Big Data Driven Agriculture: Big Data Analytics in Plant Breeding, Genomics, and the Use of Remote Sensing Technologies to Advance Crop Productivity

The objectives of the workshops were to bring together diverse subject-matter experts in the represented disciplines of plant breeding, machine learning, remote sensing, and big data infrastructure and analytics.
Authors: Nadia Shakoor, Daniel Northrup, Seth Murray, Todd C. Mockler 
 
Journal Title: Plant Phenome Journal
 
ISSN: 2578-2703 (Online)
 
Publisher: American Society of Agronomy; Crop Science Society of America
 
Abstract
 
Plant breeding and agronomy are labor-intensive sciences, and the success of these disciplines is critical to meet planetary challenges of food and water security for the world’s growing population. Recent gains in sensor technology, remote sensing, robotics and autonomy, big data analytics, and genomics are being adopted by agricultural scientists for high-throughput phenotyping, precision agriculture, and crop-scouting platforms. These technological gains are ushering in an era of digital agriculture that should greatly enhance the capacity of plant breeders and agronomists.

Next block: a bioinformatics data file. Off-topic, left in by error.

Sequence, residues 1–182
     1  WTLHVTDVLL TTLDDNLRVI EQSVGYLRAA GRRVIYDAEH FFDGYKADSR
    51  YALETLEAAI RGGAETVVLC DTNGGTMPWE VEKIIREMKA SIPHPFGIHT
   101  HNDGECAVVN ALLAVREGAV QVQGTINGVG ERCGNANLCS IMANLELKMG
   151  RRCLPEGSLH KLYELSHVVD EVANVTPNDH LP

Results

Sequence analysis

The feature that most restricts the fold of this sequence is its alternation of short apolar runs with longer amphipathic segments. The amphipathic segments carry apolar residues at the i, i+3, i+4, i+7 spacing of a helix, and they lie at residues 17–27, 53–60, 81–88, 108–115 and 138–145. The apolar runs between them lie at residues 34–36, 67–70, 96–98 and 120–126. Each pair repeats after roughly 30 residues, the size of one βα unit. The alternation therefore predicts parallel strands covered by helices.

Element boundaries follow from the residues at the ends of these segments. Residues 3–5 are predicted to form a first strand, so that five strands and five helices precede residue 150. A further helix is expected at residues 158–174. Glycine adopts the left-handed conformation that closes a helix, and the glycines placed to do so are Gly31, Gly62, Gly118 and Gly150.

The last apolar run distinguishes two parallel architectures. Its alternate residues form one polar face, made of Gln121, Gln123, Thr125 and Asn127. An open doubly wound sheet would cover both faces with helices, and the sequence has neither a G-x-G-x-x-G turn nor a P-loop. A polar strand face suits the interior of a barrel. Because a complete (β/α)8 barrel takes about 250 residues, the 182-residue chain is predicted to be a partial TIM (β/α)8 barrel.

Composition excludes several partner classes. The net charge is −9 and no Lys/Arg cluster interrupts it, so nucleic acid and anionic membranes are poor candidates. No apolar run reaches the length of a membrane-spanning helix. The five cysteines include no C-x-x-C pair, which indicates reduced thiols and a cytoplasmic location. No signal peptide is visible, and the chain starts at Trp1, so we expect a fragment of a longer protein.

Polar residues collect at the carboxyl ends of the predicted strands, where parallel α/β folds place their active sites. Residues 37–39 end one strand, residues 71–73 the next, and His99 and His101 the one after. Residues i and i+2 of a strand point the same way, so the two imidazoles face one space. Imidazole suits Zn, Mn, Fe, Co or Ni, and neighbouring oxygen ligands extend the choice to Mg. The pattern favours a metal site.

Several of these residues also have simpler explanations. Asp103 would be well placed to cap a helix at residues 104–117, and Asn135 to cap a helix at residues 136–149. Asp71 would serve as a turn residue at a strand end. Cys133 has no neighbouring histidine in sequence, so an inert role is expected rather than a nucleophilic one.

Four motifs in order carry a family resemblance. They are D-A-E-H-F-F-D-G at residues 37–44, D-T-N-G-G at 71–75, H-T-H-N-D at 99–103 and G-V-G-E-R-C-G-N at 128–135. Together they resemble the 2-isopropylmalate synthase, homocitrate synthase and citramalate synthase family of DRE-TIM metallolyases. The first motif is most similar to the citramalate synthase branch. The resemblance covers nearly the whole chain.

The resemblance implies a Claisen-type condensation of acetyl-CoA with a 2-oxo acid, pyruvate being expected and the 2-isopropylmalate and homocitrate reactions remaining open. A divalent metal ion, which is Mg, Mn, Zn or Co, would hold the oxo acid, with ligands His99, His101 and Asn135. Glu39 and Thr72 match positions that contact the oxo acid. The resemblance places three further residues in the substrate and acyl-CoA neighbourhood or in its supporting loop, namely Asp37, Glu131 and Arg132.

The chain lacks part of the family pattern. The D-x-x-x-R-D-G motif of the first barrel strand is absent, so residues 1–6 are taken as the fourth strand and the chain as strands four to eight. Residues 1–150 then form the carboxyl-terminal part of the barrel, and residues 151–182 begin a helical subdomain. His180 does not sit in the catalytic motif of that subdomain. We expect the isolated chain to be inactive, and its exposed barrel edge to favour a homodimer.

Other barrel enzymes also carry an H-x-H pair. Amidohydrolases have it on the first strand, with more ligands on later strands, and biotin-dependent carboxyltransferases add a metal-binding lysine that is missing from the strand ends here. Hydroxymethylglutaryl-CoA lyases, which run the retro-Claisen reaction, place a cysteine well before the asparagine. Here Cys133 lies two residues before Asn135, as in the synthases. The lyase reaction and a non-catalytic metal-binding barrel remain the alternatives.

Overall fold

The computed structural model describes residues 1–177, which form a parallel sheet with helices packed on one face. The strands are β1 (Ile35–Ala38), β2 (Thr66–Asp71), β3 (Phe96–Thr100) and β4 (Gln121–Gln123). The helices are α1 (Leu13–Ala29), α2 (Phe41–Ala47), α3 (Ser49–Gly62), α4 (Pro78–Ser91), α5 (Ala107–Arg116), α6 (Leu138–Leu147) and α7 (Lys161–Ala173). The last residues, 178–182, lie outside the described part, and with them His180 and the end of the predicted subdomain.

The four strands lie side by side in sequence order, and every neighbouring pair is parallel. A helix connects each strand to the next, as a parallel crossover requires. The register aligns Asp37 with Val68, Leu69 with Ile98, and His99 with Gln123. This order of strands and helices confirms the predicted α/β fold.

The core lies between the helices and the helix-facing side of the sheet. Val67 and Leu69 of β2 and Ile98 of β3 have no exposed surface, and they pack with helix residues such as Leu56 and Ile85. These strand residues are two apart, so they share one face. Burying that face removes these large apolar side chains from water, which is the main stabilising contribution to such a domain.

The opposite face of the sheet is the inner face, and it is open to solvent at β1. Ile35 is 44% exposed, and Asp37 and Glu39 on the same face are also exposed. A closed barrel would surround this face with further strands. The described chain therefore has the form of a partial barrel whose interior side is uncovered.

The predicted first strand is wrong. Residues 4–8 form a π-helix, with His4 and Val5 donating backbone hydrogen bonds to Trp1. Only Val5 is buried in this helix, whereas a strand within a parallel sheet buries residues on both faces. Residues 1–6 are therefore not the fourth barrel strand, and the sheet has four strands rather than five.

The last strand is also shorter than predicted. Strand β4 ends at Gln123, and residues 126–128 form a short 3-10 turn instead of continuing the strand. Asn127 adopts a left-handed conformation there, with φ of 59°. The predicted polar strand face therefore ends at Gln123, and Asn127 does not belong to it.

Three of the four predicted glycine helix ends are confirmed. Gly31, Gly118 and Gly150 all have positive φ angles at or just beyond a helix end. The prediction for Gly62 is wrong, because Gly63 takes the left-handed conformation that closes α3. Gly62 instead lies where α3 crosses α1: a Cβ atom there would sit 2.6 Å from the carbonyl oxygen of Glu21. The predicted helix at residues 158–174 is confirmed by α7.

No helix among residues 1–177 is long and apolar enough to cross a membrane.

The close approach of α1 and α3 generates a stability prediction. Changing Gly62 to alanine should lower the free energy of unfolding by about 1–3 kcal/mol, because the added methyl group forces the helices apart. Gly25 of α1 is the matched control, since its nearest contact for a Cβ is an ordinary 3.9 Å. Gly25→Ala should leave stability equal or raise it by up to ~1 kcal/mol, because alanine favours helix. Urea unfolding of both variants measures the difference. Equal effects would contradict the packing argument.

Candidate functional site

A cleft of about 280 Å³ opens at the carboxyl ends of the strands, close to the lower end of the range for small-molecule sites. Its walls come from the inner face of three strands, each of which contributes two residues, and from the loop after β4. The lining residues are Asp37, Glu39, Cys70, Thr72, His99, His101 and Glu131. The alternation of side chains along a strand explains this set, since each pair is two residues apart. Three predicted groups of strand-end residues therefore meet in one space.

This report encompasses the priorities and recommendations that emerged from two USDA National Institute of Food and Agriculture (NIFA)-funded Big Data Driven Agriculture workshops held on 26–27 Feb. 2018 in Arlington, VA. The objectives of the workshops were to bring together diverse subject-matter experts in the represented disciplines of plant breeding, machine learning, remote sensing, and big data infrastructure and analytics to
(i) explore how large and comprehensive datasets in plant breeding, genomics, remote sensing, and analytics will benefit agriculture;
(ii) discuss strategies for creating a successful field phenotyping campaign and to determine protocols for the collection and analysis of agricultural big data;
(iii) consider how to best engage the broader community of public and private plant breeders and agronomists to determine additional challenges, make wider use of the data, and ensure application of standardized methods to other datasets; and
(iv) generate a report describing cross-cutting short- and long-term funding needs for continued success in this domain.
 
This is an open access article under the CC BY license.
 

Illustration Photo: Drone flying over a tea plantation (credits: CTA ACP-EU / Flickr Creative Commons Attribution-ShareAlike 2.0 Generic (CC BY-SA 2.0))

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